Humphry Marshall, 1722-1801.
Arbustrum americanum: the American Grove, or, An Alphabetical Catalogue of Forest Trees and Shrubs, Natives of the American United States, Arranged According to the Linnaean System. Philadelphia: Printed by J. Crukshank, 1785.

This is the first work on trees by a native-born American. Marshall's description of native trees contained much never before published information. The book was so popular in Europe that a French edition was published in 1788. Marshall also shipped American seeds to Europe. The first edition of the book is dedicated to Franklin as president of the American Philosophical Society.

Gift of the University of Delaware Library Associates


Travels William Bartram, 1739-1823.
Travels through North & South Carolina, Georgia, East & West Florida. Philadelphia: Printed by James & Johnson, 1791.

William Bartram was the leading American botanist and horticulturalist of the eighteenth century. This account of a solitary four-year journey through the southern colonies was his most important work. The book also was printed in London and Dublin, while translations appeared in France, Germany and Holland.


John Bartram, 1699-1777.
Observations on the Inhabitants, Climate, Soil, Rivers, Productions, Animals, and Other Matters Worthy of Notice. London: Printed for J. Whiston and B. White, 1751.

John Bartram, father of William Bartram, was a Philadelphia farmer, self-taught botanist and close friend of Franklin. His botanical garden on the banks of the Schuylkill River was a frequent meeting place for Philadelphia's scientific community. With Franklin's help, Bartram developed a thriving trade supplying plants and seeds to British gardeners and later was appointed King's Botanist to the Colonies.


Benjamin Smith Barton, 1766-1815.
Elements of Botany. Philadelphia: Printed for the author, 1803.

Benjamin Smith Barton, nephew of the scientist David Rittenhouse, was America's leading academic botanist of the late eighteenth century and author of this standard text on botanical medicine. His primary career was as a physician and he succeeded Benjamin Rush as Professor of Medicine at the University of Pennsylvania. He was a close associate of William Bartram, many of whose drawings were used in his books.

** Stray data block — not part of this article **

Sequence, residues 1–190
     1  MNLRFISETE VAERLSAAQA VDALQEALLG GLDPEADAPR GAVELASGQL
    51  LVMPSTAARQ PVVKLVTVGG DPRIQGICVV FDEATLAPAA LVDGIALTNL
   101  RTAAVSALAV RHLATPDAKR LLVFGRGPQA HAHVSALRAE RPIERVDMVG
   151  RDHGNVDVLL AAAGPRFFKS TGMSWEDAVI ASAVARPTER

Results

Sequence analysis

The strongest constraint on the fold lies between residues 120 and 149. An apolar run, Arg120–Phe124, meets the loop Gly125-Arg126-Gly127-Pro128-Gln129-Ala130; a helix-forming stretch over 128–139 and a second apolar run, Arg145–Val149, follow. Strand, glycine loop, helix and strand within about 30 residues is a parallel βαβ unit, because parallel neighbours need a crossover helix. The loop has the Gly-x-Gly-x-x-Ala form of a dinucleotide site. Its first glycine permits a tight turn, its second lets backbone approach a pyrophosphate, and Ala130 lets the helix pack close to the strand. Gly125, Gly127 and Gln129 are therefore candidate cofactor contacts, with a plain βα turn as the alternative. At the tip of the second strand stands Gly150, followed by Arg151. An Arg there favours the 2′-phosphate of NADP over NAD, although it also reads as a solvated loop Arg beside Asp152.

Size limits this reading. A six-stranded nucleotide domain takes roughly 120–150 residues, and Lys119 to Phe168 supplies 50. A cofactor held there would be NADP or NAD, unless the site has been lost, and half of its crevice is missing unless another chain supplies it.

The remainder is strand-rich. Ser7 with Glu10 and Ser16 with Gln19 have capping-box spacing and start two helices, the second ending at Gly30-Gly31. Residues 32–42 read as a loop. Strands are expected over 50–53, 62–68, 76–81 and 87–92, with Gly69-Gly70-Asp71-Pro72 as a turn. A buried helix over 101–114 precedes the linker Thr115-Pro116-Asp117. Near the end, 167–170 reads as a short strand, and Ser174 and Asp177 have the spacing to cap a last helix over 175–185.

Philip Miller, 1691-1771.
The Gardeners Dictionary: Containing Methods of Cultivating and Improving the Kitchen, Fruit and Flower-Garden. London: Printed for the author and sold by C. Rivington, 1731.

Franklin owned and used The Gardeners Dictionary, the most important horticultural work in England at the time.


Travels Peter Kalm, 1716-1779.
Travels into North America, translated into English by John Reinhold Forster. London: The editor, 1770-71.

The Swedish botanist Peter Kalm visited America from 1748 to 1751. He traveled throughout the colonies, visiting Philadelphia and Wilmington. About Franklin he wrote: "Mr. Benjamin Franklin, to whom Pennsylvania is indebted for its welfare and the learned world for many new discoveries in electricity, was the first who took notice of me and introduced me to many of his friends."

Gift of the University of Delaware Library Associates


William Malcolm.
A Catalogue of Hot-House and Green-House Plants, Fruit and Forest Trees, Flowering Shrubs, Herbaceous Plants, Tree and Kitchen Garden Seeds, Perenniel and Annual Flower Seeds, Garden Mats and Tools. London: Printed by J. Dixwell, 1771.

This English catalog of plants is a much larger and more sophisticated production than those available in the Colonies.


Goldthwait & Moore.
A Catalogue of Garden, Grass & Flower Seeds, Roots, Plants, &c. Constantly for Sale, Wholesale and Retail. Philadelphia: Printed by Thomas Bradford, 1796.

This catalogue shows the seeds and plants available in Philadelphia at the end of the eighteenth century.


Introduction | Printer | Author |Abolitionist | Statesman